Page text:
An introduction to modern software engineering
In 1981, I wrote a short book that was an introduction to software engineering for computer science students. This covered most of software engineering as it was at that time. Virtually all software was then developed in ‘projects’, where a client supplied the ‘requirements’ and the software was implemented by a separate team.
Over the years, the discipline expanded and so did my book. It was no longer just an introduction but embraced several advanced topics. As new editions were produced, they increasingly reflected my interests in systems engineering and not just software engineering. Although there were changes to discuss software products, fundamentally the book focused on methods and techniques for large software engineering projects.
Over its 10 editions, my software engineering textbook has been amazingly successful and it is still widely used. Yet, when I was working on the most recent edition, I felt that the book had reached the end of its life. The discipline of software engineering has radically changed with an increased emphasis on products rather than projects. The project-oriented nature of the book was alien to the everyday experience of students, who primarily used apps, games and other software products. I’ve written about this in <a href = “http://iansommerville.com/systems-software-and-technology/what-should-we-teach-in-software-engineering-courses/”>a previous post </a> where I suggested that we need to completely rethink most introductory software engineering courses.
I always thought that the 10th edition would be my swansong. I had no plans to update it further and I retired from university teaching and research. I planned to focus on my other interests – hiking and backpacking, photography, cooking and personal programming projects. I thought that younger writers would create new books that took a different approach to software engineering.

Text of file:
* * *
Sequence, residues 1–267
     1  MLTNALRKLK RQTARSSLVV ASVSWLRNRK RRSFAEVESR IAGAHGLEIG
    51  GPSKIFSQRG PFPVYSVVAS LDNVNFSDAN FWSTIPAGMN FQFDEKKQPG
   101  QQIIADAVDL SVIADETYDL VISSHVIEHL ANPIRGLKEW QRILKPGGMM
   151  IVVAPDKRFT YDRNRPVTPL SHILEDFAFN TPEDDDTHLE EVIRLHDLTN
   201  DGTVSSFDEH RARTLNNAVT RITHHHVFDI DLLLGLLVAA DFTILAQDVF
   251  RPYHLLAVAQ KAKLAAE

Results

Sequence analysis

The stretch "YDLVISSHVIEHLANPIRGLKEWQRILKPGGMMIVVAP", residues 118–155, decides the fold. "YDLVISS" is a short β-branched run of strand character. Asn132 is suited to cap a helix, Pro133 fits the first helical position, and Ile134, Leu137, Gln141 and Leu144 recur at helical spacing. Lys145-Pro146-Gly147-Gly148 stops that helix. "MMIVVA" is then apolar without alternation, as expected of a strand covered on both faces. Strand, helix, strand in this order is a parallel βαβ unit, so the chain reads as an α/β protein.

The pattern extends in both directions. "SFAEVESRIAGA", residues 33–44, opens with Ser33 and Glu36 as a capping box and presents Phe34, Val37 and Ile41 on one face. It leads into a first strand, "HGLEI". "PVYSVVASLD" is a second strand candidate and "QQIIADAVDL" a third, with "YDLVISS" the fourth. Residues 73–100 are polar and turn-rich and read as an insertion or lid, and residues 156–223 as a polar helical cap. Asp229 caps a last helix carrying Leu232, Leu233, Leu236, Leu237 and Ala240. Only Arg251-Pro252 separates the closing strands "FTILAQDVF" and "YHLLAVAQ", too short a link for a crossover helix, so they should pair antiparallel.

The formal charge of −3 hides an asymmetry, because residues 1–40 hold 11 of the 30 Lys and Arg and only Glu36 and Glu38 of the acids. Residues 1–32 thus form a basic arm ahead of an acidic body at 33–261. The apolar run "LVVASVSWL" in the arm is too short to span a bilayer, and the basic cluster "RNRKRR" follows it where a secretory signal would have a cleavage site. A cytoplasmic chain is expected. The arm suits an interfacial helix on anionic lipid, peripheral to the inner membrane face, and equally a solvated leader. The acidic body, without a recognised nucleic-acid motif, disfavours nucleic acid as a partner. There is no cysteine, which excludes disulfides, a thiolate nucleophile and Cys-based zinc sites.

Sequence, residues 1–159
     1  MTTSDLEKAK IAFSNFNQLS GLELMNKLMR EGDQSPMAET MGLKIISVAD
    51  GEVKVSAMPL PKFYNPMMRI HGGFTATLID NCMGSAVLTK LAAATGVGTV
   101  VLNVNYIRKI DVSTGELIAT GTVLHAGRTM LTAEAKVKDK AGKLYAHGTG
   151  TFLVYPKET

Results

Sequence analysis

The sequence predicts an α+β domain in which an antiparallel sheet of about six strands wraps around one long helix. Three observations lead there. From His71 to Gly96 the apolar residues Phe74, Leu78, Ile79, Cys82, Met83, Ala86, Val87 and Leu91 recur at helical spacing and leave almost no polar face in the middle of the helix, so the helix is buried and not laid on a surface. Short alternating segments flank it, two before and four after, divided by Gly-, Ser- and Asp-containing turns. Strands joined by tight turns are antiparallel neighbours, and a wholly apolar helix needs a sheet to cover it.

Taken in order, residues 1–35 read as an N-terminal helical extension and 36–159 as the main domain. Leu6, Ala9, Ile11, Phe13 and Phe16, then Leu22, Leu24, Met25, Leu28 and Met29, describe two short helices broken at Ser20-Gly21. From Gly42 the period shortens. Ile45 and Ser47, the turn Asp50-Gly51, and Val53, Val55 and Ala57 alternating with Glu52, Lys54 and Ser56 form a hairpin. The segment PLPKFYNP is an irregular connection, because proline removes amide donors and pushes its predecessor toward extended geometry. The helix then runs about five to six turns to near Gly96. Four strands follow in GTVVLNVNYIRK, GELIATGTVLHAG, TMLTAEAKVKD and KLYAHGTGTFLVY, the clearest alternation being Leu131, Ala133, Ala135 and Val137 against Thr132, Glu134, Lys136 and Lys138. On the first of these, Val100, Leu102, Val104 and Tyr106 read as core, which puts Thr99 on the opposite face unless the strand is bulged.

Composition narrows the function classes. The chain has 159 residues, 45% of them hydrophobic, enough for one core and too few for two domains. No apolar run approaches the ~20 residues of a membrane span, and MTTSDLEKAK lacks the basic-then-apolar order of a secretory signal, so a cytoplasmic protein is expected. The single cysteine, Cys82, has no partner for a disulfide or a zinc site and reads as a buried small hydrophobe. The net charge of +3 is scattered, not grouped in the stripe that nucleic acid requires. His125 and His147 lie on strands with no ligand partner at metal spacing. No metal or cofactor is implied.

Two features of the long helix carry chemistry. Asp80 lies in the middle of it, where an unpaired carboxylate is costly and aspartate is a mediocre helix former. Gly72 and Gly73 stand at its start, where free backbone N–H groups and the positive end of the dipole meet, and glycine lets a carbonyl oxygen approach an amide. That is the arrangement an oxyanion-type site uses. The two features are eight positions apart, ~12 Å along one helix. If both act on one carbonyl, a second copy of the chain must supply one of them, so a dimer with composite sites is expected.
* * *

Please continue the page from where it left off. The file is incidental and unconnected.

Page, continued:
But, this hasn’t really happened. Introductory software engineering texts still mostly talk about methods and techniques that are suitable for projects rather than software products. I’m not much impressed by them so I decided that I would try and write something different – both in approach and in style.
This book focuses on software engineering techniques that are relevant for software product engineering. Topics covered include personas and scenarios, cloud-based software, microservices, security and privacy and DevOps. There’s no mention of software projects, process models, requirements, the UML, software maintenance, etc. You can see a complete <a href= “http://iansommerville.com/engineering-software-products/contents/” >contents list</a> on the draft web site.
It’s different in style from most textbooks. It recognises that innovation in software product development doesn’t come from university research so there are no citations or reference lists. I’ve focused on readability with less formal, academic language. There are lots of diagrams, tables and a few Python programs.
Software engineering and software products are critical for our society. Yet, many computer science students are turning away from conventional software engineering courses because they simply don’t seem relevant to them. I hope that this book will contribute to reversing this trend. I finished a complete draft today but it still needs a bit of polishing before I deliver it for publication. It should be available in early 2019.